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- Jun 23, 2017 6:32:11 PM
Blog: 10 Signs of Crappy PHP Software
Note: This post is not a tutorial! If you have any questions related to underlying concepts, I can recommend my tutorials [/profile/448191] and the Application Design board [/forums/index.php/board,58.0.html].
Like it or not, as a professional developer, sooner or later you are going to do some customising (if you are lucky, "extending") of existing software.
If you are not familiar with the software, it is good advice to look into it before accepting the job. I had to learn that the hard way. But how do you recognize crappy applications without getting knee deep into the code? 10 pointers to identify crappy PHP software quickly...
1. The software tries to reinvent the object model, or "fix" language features.
See if you can find a class called "Object". If you find it, it's a pretty clear indication that the author is in the business of trying to reinvent the object model (most commonly because of his own lacking understanding of OO). It is safe to assume that his "fixes" won't stop there. Unplug your phone and hide under your desk.
2. The code includes user defined global variables
A search in the code for "global" or "$GLOBALS" may reveal something like this:
global $database, $my, $mainframe;
The infamous global variable. If you can tell me what those last two variables contain you are either intimate with the software I pulled it from, or you're psychic. Unlimited bonus points if you can say what code has had it's claws on it before execution flow got to this point. In short, steer well clear.
3. Scattered HTML and SQL
Search for some common SQL and HTML strings. You should be able to determine very quickly whether these are appropriate places for HTML or SQL. If you find HTML and SQL in the same file, "crappyness" is most definitely confirmed.
4. Classes do too much
Find the 3 largest class files by bit size. Take a look at the class name. Does it indicate a distinct responsibility? Look at the methods. Are the tasks they perform closely related? If not, run away screaming.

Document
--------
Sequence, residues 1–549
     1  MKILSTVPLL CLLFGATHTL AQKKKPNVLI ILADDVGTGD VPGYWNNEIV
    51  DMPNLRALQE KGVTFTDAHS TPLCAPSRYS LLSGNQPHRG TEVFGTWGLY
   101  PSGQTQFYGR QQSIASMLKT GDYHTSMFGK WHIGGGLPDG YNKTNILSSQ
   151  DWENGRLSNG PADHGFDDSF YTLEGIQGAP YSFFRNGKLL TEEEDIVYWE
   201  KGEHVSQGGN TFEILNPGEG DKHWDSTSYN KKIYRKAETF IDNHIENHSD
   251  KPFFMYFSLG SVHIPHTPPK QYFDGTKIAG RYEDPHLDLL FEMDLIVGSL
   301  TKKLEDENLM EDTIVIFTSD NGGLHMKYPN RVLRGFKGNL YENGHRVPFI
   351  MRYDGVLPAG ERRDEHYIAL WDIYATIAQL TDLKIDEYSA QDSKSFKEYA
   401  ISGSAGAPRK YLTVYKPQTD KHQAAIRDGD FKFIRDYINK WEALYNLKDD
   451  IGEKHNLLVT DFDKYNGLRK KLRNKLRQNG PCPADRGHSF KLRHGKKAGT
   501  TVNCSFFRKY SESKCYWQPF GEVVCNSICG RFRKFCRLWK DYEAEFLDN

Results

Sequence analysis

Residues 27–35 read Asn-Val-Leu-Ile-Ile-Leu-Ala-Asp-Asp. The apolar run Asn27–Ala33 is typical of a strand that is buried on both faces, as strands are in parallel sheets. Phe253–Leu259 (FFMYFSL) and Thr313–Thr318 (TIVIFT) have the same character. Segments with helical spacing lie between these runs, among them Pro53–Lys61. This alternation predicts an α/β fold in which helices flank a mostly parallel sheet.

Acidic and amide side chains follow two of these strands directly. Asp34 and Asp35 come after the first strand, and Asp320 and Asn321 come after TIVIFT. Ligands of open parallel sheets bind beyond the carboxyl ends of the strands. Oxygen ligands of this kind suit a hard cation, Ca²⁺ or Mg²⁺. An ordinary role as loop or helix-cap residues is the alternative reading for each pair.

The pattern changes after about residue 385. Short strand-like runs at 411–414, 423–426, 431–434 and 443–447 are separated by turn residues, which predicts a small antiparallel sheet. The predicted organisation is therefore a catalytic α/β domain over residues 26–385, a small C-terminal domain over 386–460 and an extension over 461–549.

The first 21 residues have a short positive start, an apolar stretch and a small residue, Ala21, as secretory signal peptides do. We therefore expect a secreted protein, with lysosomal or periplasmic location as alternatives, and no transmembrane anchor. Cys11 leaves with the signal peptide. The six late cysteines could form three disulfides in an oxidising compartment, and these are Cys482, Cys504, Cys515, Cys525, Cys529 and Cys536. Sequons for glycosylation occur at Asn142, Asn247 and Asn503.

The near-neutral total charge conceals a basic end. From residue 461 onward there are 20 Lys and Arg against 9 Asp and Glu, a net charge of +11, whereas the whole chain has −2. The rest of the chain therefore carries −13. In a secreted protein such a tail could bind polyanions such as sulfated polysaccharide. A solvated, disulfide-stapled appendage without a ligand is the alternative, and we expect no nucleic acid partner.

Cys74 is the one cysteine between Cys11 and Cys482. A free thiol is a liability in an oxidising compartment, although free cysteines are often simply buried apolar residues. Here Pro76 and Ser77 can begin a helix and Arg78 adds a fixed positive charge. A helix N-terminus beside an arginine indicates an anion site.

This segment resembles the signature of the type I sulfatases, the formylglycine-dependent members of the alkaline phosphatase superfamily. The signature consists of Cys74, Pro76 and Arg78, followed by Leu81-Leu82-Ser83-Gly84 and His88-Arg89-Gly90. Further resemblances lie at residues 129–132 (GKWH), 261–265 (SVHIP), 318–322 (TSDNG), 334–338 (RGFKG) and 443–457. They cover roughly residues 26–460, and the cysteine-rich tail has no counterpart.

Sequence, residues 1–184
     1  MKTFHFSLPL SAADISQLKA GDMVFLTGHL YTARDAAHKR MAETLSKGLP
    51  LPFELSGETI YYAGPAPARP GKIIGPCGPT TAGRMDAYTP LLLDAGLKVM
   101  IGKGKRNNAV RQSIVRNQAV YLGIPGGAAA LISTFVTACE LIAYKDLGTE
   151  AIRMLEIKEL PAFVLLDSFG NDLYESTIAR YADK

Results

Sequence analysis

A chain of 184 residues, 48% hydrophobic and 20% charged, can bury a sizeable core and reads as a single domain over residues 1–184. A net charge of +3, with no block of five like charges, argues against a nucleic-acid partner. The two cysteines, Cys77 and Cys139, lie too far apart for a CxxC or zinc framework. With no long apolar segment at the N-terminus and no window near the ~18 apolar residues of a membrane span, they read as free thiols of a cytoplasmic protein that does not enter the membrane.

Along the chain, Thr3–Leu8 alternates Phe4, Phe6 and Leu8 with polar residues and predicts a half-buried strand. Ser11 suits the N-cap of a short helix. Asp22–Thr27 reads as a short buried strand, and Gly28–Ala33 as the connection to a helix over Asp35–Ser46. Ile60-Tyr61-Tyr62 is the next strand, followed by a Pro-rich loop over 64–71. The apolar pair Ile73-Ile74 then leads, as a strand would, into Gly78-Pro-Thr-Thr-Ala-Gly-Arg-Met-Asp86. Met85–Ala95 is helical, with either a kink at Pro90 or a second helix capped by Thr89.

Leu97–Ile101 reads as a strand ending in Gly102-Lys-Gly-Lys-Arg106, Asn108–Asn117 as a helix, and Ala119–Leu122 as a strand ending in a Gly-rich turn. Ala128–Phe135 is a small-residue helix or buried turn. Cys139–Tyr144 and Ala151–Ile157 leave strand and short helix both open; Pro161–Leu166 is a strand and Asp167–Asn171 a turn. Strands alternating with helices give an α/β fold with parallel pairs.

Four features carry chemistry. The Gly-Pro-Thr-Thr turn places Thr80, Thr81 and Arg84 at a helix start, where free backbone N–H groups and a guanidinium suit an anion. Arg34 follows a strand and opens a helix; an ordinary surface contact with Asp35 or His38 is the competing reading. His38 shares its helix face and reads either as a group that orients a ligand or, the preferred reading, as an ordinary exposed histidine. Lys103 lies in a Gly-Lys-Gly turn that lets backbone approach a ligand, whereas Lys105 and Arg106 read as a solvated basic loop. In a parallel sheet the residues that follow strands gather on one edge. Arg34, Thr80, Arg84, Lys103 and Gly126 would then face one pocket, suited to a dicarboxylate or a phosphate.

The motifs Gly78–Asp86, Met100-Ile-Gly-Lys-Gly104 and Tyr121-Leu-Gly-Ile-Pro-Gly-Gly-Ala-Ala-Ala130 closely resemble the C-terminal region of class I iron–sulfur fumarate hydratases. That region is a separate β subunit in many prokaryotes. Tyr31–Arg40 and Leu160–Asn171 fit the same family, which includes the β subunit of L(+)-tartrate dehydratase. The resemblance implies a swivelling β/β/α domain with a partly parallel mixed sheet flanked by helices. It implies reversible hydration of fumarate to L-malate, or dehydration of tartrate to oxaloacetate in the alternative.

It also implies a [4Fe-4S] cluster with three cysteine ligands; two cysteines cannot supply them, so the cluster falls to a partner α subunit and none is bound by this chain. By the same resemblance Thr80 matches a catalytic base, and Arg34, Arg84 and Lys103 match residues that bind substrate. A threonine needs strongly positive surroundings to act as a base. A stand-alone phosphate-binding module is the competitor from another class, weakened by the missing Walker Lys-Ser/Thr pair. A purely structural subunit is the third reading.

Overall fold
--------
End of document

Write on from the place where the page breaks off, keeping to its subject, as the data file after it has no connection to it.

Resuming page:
5. Lots of properties are public or lots of properties are static
If lots of properties are declared "public static", triple your quote. If I have to explain why, maybe there's an open position on the development team of the software for you.
6. Multiple levels of inheritance
More than 2 levels inheritance should be avoided like the plague. I stake my life on the resulting objects having too much unrelated behaviour (ok, maybe not my life, but if you find a proper use of more than 2 levels of inheritance, I'll buy you a beer).
7. The authors try to use Design Patterns
Whether or not the authors have a clue is easily determined by searching for some of the most common design patters. Search the code base and/or documentation for "factory", "decorator", "strategy" etc. If present, you can pretty quickly determine whether the authors know their stuff or are trying to look interesting. That is, if you know how the code should look. If not, refuse to take the project until you do.
8. The software messes with the error level
Well written applications run fine at any error level. Searching the files for /error_level\(.*\)/ should do the trick. In case of hits, try replacing the value with E_STRICT. That's little more than a formality though.
9. In the code base, there is a directory called "core"
This is usually used as an excuse to have the whole application dependent on whatever is in there. Despite the appeal of the term (it does make the contents sound pretty cool and important), defining a "core" is a sign of bad design.
10. The software uses it's own template language.
Be afraid. Very afraid. These guys are definitely in the business of reinventing the wheel. Ignore this warning and you will find yourself spending the better part of a day simulating a "for" loop.